January 27, 2019

2 Epiphany

Nehemiah 8:1-3, 5-6, 8-10; Psalm 19; 1 Corinthians 12: 12-31a; Luke 4: 14-21

The Rev. James M.L. Grace


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In the Name of God: Father, Son, and Holy Spirit.  AMEN.

            This morning we hear a fairly lengthy part of the Apostle Paul’s letter to a church in Corinth.  Corinth was a city in modern day Greece, and it was in some ways similar to Houston.  Like Houston, Corinth was a port city, which meant it was a center for commerce and trade.  Also, like Houston, Corinth was known for its culture arts.  Unlike Houston, Corinth was not known for its Tex-Mex cuisine.

            It was in the city of Corinth where the apostle Paul started a Christian community.  Church buildings at the time had not yet been invented, and this group of people likely met in someone’s home.  It sounds almost idyllic, doesn’t it?  People gathering together, to worship God and share what they had with the poor.  There was no vestry, for example.  There were no committees, no annual budgets, no air conditioning units to maintain, and best of all, no stewardship campaigns!  It must have been awesome!

            Except that it wasn’t.  In fact, Paul’s church in Corinth was anything but idyllic, and the part of the letter that we hear today offers several reasons why.

            The Corinthian church was one deeply steeped in arrogance.  Members of the community thought they were more sophisticated, more knowledgeable, and more capable than their counterparts.  Paul scolds this church elsewhere in the letter, telling them that they are not nearly as wise as they think, and that they are acting like babies.   The church at Corinth was immature, unspiritual, disorganized, and schismatic.  Which is why Paul writes this letter.

            In his letter, Paul reminds the Corinthian church that they are the body of Christ.  When Paul uses the word “body” to describe a church community, it is not the only metaphor Paul uses to describe the church – other metaphors he uses include the church as a building, or the church as a temple, or the church as a field.  But when Paul describes the church as a body, as he does today, that is intentional.  The “church as body metaphor” is one that Paul uses when there are problems of disunity in the church, as there clearly are in the Corinthian church.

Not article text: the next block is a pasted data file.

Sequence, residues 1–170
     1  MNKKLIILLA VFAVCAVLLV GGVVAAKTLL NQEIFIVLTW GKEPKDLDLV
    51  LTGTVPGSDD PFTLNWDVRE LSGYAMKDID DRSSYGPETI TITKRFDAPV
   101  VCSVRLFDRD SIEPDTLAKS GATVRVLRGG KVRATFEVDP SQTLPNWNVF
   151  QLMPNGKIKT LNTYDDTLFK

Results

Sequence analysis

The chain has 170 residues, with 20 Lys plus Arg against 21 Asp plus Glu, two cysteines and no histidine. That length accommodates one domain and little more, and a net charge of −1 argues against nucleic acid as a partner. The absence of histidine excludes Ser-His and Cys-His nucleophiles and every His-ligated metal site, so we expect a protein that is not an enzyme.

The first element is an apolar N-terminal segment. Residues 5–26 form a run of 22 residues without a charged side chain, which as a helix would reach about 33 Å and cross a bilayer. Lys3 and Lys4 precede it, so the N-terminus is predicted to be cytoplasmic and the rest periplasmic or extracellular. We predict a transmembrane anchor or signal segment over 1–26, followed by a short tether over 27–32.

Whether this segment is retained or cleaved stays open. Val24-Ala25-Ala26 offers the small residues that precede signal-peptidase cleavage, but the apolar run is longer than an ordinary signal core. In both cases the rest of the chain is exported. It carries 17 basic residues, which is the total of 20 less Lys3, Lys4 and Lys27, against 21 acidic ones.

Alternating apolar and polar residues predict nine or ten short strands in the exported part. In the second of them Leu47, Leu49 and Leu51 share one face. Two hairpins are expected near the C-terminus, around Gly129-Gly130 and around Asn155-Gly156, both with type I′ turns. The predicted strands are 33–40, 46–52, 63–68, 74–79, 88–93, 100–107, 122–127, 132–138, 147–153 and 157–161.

In saying that the church is the body of Christ Paul is not doing something new.  The metaphor of “one body with many parts” was pretty common during Paul’s time.  Also common was an extension of that metaphor where you have different parts of the body arguing with each other, as we see in today’s reading where an eye insults a hand, and a head insults a foot.  The point being, that all parts of the body are necessary and important. 

            I was trying to teach Paul’s concept of the church as the body of Christ to a group of children and how each of us is a part of the body, and one time a child asked me “if we are all parts of the body, is that why they call you (pointing to me) the rectum?”  I said “Well, it’s actually rector, but that’s kind of the same thing.”

            The point that Paul makes in the letter is that this church in Corinth is a body with different and diverse parts, each who contribute in their own way.  Each part of the body is unique, and each part is of equal importance.  What Paul is saying is that each person in the church is no more important than the other – they are all an indispensable part of the body and it is by God’s grace alone that each one belongs.

            Paul continues this analogy one step further, pointing out how each part of the church, of Christ’s body, is unique.  For Christians, to be different is not only acceptable, but it’s expected, even necessary for the wholeness and vigor of the church. 

            I love the epistles in the New Testament, because they openly show the struggles, mistakes, and hypocrisy of the church since its very beginning.  And yet, in spite of itself, God loves the church, with all its mistakes, all its conflicts, all its arrogance.  Why?  God continues to love the church because of its people.  The Episcopal Church is not a church nationally known for its diversity.  For a long time, the Episcopal Church has been criticized as the the church of affluent white Anglo Saxon protestants.  No more.  The Episcopal Church reflects the beauty of God’s creative diversity in many ways.  We still have more work to do, but we are proudly one body with many diverse parts.

            Each of us is called to contribute our part.  So many of you contribute so much to this part of Christ’s body – St. Andrew’s.  You give financially, you give time, you give talent.  For those newer to our community, how might you share part of what you have with Christ’s body the church?  That’s really a question all of us should consider regardless of whether we are new here or have been here for years.  What is your contribution to the body of Christ?

We are all equally loved by God, equally valuable, and equally asked to share our blessings and resources with one another.  AMEN.